Correct. Think of it this way: Facebook ads are less like traditional advertising, and more like paying to increase your organic reach. Just like with your organic content, your paid content needs to be relevant to your audience in order for them to engage with it. So with Facebook advertising, great content is your ad.
Q: Is there a reason why you would get less engagement from a post that has a bigger reach vs. a post that has less reach but more engagement?
Absolutely, and it generally depends on the objective and quality of the content. For example, content that includes a call-to-action (CTA) is often designed to drive users to engage with the post. High-quality content that is relevant to your audience is also more likely to drive engagement.
Q: What type of content (e.g. photo, video, link, etc.) is most shareable?
Some brands’ communities enjoy visual photos and infographics, some prefer videos that let them feel part of the experience, and some like reading insightful articles. Understand which types of posts are most appealing to them so that you can continue to share the kinds of content that resonate.
The Facebook Insights with Ads report lets you do this with your paid content specifically; you can easily compare the spend on each Ad Object Type (meaning the type of post that the ad is pointing to) with the number of actions it drives to determine which type is most successful.
Q: What content is best for targeting mobile users?
Images work well across the board – especially in mobile. Think about how much real estate an image takes up on your mobile device – it’s pretty much a mobile screen takeover. So, the type of content is definitely important, but again, you have to think about what you’re asking the user to do that contributes to your end goal. One of the biggest mistakes brands make when targeting people on mobile via social is they don’t think about the experience after the click. Landing someone on a mobile device on a page that’s not mobile optimized can actually end up being an incredible waste of effort if they immediately bounce.
Q: Does Facebook consider comments to be more powerful than likes?
Facebook doesn’t tell the world the secret sauce of their algorithm, but one can infer that actions that are more scarce and require more effort are higher quality, and thus are weighted more heavily. Shares and comments would definitely fall into that category.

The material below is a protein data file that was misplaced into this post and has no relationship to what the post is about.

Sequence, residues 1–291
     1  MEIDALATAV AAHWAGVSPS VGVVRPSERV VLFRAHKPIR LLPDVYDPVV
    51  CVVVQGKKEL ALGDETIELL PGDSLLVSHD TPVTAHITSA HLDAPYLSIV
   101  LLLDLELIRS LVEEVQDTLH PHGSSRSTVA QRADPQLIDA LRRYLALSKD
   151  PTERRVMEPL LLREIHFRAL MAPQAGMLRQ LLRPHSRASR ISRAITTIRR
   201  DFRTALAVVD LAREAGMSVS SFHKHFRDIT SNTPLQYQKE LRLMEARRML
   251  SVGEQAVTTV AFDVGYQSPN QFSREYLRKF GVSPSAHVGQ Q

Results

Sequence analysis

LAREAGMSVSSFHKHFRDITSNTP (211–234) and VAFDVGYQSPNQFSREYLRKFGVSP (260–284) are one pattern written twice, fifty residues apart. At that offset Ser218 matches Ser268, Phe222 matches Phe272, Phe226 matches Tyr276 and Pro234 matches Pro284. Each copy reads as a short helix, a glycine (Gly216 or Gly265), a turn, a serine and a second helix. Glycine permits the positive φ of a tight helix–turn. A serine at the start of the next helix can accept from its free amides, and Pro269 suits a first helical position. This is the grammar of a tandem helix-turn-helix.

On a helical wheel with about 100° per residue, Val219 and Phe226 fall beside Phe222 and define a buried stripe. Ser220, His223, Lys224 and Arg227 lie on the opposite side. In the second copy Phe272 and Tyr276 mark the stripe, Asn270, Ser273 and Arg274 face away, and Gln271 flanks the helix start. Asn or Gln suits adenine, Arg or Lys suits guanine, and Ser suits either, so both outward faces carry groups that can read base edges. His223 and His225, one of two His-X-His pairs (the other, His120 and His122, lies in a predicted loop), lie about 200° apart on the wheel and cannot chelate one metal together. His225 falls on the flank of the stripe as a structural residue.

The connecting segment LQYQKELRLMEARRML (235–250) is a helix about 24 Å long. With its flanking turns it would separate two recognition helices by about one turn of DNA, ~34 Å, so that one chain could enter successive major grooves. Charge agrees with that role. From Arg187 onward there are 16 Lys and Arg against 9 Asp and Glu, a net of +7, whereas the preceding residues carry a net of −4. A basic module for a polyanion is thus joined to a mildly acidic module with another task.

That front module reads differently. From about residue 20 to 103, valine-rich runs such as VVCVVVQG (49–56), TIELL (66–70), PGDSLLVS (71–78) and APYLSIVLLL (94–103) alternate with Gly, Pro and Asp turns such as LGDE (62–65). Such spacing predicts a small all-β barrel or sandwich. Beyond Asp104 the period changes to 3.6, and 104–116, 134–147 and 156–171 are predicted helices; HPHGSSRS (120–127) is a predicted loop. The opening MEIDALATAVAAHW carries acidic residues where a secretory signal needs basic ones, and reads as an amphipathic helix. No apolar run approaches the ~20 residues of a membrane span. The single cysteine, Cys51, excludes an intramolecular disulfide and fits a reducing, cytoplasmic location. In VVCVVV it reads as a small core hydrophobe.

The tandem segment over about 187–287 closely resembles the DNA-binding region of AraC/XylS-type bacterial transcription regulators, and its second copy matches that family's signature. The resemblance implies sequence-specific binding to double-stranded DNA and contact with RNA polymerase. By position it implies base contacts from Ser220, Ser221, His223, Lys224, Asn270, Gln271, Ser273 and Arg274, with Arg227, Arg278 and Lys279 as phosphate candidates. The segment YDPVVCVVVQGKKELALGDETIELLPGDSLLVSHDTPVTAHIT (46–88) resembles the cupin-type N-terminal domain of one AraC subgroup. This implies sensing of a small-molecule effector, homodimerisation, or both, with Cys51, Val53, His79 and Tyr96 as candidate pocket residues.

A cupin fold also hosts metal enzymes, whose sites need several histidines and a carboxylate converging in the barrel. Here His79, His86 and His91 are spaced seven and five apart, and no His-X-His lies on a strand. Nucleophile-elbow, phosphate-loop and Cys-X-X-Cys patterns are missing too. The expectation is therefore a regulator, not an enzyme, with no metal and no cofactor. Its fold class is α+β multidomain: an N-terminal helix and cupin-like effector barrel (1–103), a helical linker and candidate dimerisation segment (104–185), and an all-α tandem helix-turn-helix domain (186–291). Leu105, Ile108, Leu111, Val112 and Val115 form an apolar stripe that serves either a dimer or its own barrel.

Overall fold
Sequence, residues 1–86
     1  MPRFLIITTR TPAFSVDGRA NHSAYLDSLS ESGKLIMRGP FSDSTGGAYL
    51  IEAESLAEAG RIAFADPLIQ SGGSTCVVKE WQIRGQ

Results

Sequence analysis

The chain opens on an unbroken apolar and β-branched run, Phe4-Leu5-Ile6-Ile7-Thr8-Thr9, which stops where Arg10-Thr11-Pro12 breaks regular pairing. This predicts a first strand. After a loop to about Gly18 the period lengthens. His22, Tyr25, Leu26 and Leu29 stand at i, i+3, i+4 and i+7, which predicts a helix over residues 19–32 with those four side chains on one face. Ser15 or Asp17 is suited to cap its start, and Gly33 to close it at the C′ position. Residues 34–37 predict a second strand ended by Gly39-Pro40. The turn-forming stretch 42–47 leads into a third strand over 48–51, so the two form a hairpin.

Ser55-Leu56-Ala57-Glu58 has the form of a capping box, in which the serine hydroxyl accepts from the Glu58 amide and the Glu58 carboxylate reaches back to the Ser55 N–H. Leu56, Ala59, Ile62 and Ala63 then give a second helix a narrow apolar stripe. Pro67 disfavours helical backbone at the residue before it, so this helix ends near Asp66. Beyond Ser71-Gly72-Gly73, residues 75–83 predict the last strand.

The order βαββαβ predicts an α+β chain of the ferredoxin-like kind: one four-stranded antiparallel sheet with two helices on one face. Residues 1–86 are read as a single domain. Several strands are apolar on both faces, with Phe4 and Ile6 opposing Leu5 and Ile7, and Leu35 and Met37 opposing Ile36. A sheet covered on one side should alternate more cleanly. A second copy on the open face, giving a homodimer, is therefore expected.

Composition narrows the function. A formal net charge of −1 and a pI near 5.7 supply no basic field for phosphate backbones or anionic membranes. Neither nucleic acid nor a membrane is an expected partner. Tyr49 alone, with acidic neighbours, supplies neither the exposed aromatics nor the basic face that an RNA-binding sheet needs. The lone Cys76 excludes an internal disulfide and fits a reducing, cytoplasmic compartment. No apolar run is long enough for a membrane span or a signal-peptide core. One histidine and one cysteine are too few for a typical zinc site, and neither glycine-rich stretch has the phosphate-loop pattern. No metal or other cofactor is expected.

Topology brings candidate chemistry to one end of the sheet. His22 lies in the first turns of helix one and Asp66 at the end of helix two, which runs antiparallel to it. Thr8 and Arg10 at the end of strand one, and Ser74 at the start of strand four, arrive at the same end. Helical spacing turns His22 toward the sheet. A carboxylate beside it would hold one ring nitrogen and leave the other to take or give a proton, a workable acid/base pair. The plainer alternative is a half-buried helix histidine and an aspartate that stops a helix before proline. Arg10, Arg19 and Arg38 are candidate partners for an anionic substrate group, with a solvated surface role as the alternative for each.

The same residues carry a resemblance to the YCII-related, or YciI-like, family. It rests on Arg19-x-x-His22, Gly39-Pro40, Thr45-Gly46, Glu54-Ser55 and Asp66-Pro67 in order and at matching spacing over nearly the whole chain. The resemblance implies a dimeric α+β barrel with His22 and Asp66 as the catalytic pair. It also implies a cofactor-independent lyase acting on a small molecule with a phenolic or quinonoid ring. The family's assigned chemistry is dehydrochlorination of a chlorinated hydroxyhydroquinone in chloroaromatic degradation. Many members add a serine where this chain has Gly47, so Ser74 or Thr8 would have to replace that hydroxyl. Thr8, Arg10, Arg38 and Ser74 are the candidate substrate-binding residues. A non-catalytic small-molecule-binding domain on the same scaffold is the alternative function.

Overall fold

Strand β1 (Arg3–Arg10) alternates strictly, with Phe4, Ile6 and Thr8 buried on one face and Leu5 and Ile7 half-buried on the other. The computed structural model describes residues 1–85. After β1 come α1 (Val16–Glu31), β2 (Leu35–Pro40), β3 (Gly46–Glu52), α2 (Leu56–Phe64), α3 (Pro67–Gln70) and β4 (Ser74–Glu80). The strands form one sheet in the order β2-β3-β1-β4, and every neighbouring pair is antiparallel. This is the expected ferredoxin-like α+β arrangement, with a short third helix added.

Q: Do you feel Facebook’s recent classification of “like-baiting” as a spam like action will change the way brands go about generating engaging actions – also resulting in a greater need for Facebook Ads?
This change will primarily hurt brands that don’t put time and effort into creating meaningful content. Facebook’s focus on these sort of meme-ified pieces of content or the “Like this if you ______, Comment for ________” type posts as being spam should actually elevate great content rather than punishing brands. If you’re only looking for a bunch of likes on a piece of content, you may be missing the bigger marketing opportunity.
Q: Should clicks be treated as an important engagement metric?
If that’s part of your metrics which lead to your business goals, absolutely. The thing is, Facebook normally reports on clicks on a high level, giving the same weight to clicks on an accompanying photo that it does to clicks on links. In order to get the true value of your link clicks, you’re going to want to be looking at link tracking data and, increasingly, site-side data to show the value your social links are bringing to the brand.
Q: How do Facebook advertising campaigns work?
Facebook introduced a new advertising campaign structure this year designed to help advertisers organize and optimize their ads. Before that, everyone had developed their own system. This helps to standardize and encourage best practices, even with less advanced advertisers. The structure is organized into three levels, campaign, ad set, and ad. For more information, check out this post on our blog.
Q: How should I determine my objective for a Facebook campaign?
We have a great blog post that details Facebook’s new campaign structure. It includes questions to ask at each level to determine what direction you should take. Check it out here!
Q: Should content promoted on Facebook always drive users to purchase?
Your paid efforts on Facebook shouldn’t be solely focused around sales-driven content. Knowing that the amount of your content that your community sees organically continues to decline, it’s time to rethink your strategy. Whether it’s an engagement question or a link to your latest blog post, ensure that you’re promoting content that resonates and isn’t only asking for favors. They’ll be more inclined to take an action, thus increasing their affinity within the Facebook’s algorithm and strengthening the possibility that they’ll see your fan page’s content organically later on.
Q: Is there value in promoting a post that has already performed well organically?
Facebook ads are a great way to enhance your organic reach. If content is already performing well, you can assume that it’s relevant to your community and that people might want the opportunity to see it. Ads enable you to extend the content even further — either to more of your existing fans or to a new group of people that you want to reach.
Q: Do you recommend “boosting” posts?
If you know you have an active and engaged audience on your page and you wish to reach a guaranteed larger number of those people, then “boosting” posts will help you accomplish that. However, many times the goal of content on Facebook may lie outside that defined and limited group of people, meaning that your dollars would be better spent on Facebook ads products to get your content in front of very targeted groups of users and drive toward desired end actions.